Watching this ‘careless’ production of this very good play was like watching kindergarten children attempting to act, to play, Shakespeare, any Shakespeare – it is an agony to endure – and thank god, rarely attempted. Or, and this happens more regularly than necessarily, of a worthy amateur company when ambitiously try it out with Pinter/Albee/ Coward or Rattigan, Wilde – I mean what of the botches of David Williamson’s plays, some people believe he is foolproof, NOT SO, I warn you – one has ‘suffered’ through? Attending such productions required/requires a desperate struggle for decorum in a public space.

“This cast and creative team” says Mr and Ms Sanders in their program notes, “brought all their passion, rigour and rage to every moment. We have fought passionately and laughed outrageously in equal measure. …” If I could also believe that they had applied any rigour to their craft efforts, along with, perhaps, their intellectualisations, with either/both their voice and body, so that I could be beguiled into an understanding and belief, by subliminally being able to ‘read’ instantaneously what was going on from the offered clues of the actors, under this Direction by Mr Saunders, I would have been happier. But, no, in The Old 505, the other evening, I willed myself into a fake decorum of interested attention – despite my (craftmam’s) outrage that did not emanate from laughter of any kind. I hope they enjoyed their laughter in rehearsal. I was well past laughter as an audience member, I can assure you. I just kept thinking of the loss, the besmirching, of Ms Birch’s skill, no matter the good intentions of the House of Sand Company – a house built on sand, indeed, I conjectured.

Choices have been made on every element of this production, undoubtedly, just not very deeply interrogated ones, and certainly not ‘repeated’ ones – are these actors at all aware of  their accuracy around the vocalisations of the text, or, where their head is positioned or the length or placement of that physical gesture so as to achieve maximum communication of the writer’s intention? Or, specifically, do they know the mathematical accuracy of the chaos they bring to the third act of the play, or, is it all still an accident of fate each night? The latter, I fear. Certainly, the effect of the chaos of entrance and exit, signage or not, on the night I saw the production, was all a hit or miss affair – mostly, many bewildering misses. There has been no definitive settlement, or tiresome rehearsal  – it is hard work to repeat and repeat and repeat – of those farcical offers intended by this company. There should be method for this madness for it to tell as ‘storytelling’.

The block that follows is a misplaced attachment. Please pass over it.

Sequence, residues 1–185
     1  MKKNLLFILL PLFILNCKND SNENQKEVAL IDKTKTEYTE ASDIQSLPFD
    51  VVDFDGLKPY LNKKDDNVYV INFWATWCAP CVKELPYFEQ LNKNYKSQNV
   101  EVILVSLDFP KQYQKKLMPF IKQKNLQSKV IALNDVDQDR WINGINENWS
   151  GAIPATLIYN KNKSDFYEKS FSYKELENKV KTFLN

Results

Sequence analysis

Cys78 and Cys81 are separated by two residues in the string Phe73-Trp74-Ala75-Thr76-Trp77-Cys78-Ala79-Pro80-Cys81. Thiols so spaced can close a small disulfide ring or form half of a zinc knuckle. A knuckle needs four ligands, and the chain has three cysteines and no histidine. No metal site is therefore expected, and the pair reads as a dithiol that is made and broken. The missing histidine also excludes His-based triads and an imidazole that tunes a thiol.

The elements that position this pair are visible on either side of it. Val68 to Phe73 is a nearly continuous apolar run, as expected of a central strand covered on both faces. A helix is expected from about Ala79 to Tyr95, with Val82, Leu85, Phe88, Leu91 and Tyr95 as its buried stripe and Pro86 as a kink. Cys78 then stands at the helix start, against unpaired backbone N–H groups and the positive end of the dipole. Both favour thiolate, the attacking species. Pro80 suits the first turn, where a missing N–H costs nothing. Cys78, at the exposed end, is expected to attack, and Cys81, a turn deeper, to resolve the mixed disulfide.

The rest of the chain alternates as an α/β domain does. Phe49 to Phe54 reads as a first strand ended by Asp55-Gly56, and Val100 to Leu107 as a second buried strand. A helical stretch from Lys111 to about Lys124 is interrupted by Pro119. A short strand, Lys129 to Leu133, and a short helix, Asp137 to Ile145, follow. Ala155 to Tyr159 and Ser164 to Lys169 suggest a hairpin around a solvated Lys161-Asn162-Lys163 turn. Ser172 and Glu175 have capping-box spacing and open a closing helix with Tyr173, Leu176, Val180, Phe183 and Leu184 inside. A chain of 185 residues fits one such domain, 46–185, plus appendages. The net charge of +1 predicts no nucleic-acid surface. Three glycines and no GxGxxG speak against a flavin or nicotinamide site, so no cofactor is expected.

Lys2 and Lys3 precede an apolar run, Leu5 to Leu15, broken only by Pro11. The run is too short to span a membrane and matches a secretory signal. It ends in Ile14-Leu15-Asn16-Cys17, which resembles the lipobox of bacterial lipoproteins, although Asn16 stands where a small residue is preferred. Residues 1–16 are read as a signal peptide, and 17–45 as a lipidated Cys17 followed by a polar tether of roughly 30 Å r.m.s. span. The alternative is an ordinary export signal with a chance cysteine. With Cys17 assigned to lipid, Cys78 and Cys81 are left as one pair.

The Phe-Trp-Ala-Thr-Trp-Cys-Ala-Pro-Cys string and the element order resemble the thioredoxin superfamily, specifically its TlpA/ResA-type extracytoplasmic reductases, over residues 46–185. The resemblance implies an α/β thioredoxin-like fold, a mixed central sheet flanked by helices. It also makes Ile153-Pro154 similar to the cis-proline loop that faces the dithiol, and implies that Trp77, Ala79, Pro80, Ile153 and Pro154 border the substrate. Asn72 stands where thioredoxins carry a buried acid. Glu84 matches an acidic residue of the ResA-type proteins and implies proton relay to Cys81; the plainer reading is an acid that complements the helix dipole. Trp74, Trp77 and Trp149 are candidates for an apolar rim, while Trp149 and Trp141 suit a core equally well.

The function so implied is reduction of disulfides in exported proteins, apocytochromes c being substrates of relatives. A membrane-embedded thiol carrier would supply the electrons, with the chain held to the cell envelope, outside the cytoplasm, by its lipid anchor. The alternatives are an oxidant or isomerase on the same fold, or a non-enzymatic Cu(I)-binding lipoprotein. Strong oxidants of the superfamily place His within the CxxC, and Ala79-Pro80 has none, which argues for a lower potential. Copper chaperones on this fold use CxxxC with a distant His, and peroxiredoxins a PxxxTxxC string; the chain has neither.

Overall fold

I will bet that they believe that I am being overly finicky. Some of you probably think so, too. Tell me that when I have watched greatness on stage. The great actors KNOW what they are doing with every part of their instrument, at every moment (it has become a second-nature consciousness) – it’s why they have the freedom to play in the moment of the performance, when the adrenalin kicks in and the audience makes offers for them to improvise/deal with. It’s why we pay to see them – they are experts at the craft of their profession, not ‘approximates’ or ‘generalisers’. I want a carpenter/plumber/electrician that is an expert of skill and considered judgement. It’s why we pay them. Similarly, it is what I expect of my actor. It seems to me that there is in this production of REVOLT. SHE SAID. REVOLT AGAIN an amateur exhibition of 75% aspiration (excitement), 20% inspiration (adrenalin fantasy) and 5% perspiration (hard work) showing in this production.

REVOLT. SHE SAID. REVOLT AGAIN, is a very good play ruined in effect by artists of little or no applied skill disciplines. I was so angry that my theatrical introduction to the work of Alice Birch was through this production. As I suggested with THE EFFECT experience, it might be better to read the play rather than watch this production.

One of the last lines of the play: “WHO KNEW THE WORLD COULD BE SO AWFUL.” So apt, I thought, as I applauded the actors, as generously as I could, for having a go, but I wept for the reputation of Alice Birch.

N.B. It is interesting that there is no biography offered to us in the program of the originator, the writer, Alice Birch. All the other artist are given generous ‘background’ space. It is just as interesting to see that Alice Birch has her name in the program only ONCE, on the second page under the title of her play. Not on the front page. I guess the writer is really unimportant in this production? Who or what were these Producers thinking about?